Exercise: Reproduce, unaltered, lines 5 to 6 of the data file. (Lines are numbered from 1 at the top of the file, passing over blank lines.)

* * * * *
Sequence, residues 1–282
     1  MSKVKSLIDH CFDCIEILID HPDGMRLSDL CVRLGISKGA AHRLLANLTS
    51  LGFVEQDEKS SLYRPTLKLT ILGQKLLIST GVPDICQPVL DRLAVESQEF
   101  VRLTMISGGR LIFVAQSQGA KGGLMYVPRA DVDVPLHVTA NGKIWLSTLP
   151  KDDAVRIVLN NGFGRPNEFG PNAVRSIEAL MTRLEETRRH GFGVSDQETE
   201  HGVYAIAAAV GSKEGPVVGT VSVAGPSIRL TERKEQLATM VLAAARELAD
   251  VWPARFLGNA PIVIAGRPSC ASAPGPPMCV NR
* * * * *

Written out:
   151  KDDAVRIVLN NGFGRPNEFG PNAVRSIEAL MTRLEETRRH GFGVSDQETE
   201  HGVYAIAAAV GSKEGPVVGT VSVAGPSIRL TERKEQLATM VLAAARELAD